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Generating Specific Server Programs in Distributed Object-Oriented Customer Information Control System

IP.com Disclosure Number: IPCOM000114711D
Original Publication Date: 1995-Jan-01
Included in the Prior Art Database: 2005-Mar-29
Document File: 4 page(s) / 158K

Publishing Venue

IBM

Related People

Knapman, JM: AUTHOR

Abstract

When a customer needs to write a distributed object oriented application, the state of the art using IBM*'s Distributed System Object Model (DSOM) requires that he write one or more server programs to provide house keeping and management functions. In general, this is a difficult, even challenging, task, especially if transactional integrity is also required.

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Generating Specific Server Programs in Distributed Object-Oriented
Customer Information Control System

      When a customer needs to write a distributed object oriented
application, the state of the art using IBM*'s Distributed System
Object Model (DSOM) requires that he write one or more server
programs to provide house keeping and management functions.  In
general, this is a difficult, even challenging, task, especially if
transactional integrity is also required.

      IBM's CICS* transaction processing software provides support
for distributed applications with transactional integrity, including
a considerable degree of resource management, but does not naturally
support distributed object oriented applications.  By natural support
is meant the ability, as in DSOM, to allow application programmers to
enjoy the flexibility and productivity of viewing remote, distributed
objects as if they were compiled in the local program.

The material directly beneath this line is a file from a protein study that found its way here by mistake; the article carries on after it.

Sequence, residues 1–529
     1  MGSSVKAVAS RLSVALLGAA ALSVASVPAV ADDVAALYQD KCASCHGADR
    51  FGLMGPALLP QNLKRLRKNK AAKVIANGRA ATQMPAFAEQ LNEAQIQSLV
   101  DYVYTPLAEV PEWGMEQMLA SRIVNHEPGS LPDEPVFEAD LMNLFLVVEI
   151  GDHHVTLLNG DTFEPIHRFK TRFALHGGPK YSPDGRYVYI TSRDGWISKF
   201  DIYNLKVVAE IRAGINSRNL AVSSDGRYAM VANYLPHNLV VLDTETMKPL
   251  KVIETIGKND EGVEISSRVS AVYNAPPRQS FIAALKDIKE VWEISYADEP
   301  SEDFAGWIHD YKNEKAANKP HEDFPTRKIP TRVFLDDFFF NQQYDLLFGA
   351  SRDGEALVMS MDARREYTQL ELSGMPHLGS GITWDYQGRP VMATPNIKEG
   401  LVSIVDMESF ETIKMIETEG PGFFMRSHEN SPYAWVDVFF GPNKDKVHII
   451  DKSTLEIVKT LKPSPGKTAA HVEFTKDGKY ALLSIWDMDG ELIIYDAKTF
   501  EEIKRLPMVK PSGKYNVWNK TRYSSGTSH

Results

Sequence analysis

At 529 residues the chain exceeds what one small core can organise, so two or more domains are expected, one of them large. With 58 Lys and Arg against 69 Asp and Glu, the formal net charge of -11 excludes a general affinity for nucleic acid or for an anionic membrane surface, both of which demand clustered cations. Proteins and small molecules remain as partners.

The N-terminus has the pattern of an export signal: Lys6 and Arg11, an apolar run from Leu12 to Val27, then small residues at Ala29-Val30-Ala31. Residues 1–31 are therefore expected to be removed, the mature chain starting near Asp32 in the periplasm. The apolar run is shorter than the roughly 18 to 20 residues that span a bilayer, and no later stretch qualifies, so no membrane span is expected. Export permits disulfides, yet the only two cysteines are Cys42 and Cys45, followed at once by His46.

Because CICS already provides a great deal of housekeeping and
management service, an interface to these services is required,
rather than a complete implementation of a server program in the DSOM
sense.  Such an interface can be defined by making the crucial
connection between an object and traditional CICS application
programs.

      As shown in Fig. 1, a CICS application program may issue a LINK
command to other such programs which may pass state information
between each other using various temporary storage facilities that
CICS provides.  Parametric data is passed from the caller using an
area of storage known as the the COMMAREA.

      Data is passed in the COMMAREA rather than as parameters.  The
equivalent of invoking several methods on an object is to LINK to
several programs, passing saved state between them.  CICS provides
various means of doing this, from using part of the COMMAREA to
storing
in temporary queues or files.  There is no provision for callback.

      The object oriented view (Fig. 2) is that the client program
invokes the methods of an object (local or remote).  The state
information is encapsulated in the object and the programmer should
not be concerned with its management.  This is true both to the
programmer who writes the client program and the one who writes the
object.  Consequently, It should be a very simple change to alter an
application so that a remote object becomes local and vice versa.  In
practice, this means that the customer must write a server program
that instantiates and allocates storage for remote objects, and
performs other housekeeping services.

      In Fig. 2, an object is denoted by a box with turrets.  The
turrets correspond to methods of the object, and hence comprise the
object's interface.

      A DSOM client program is expected to locate a server on which
the required object is implemented.  It is expected that the customer
or a third party will provide a repository (the implementation
repository) to hel...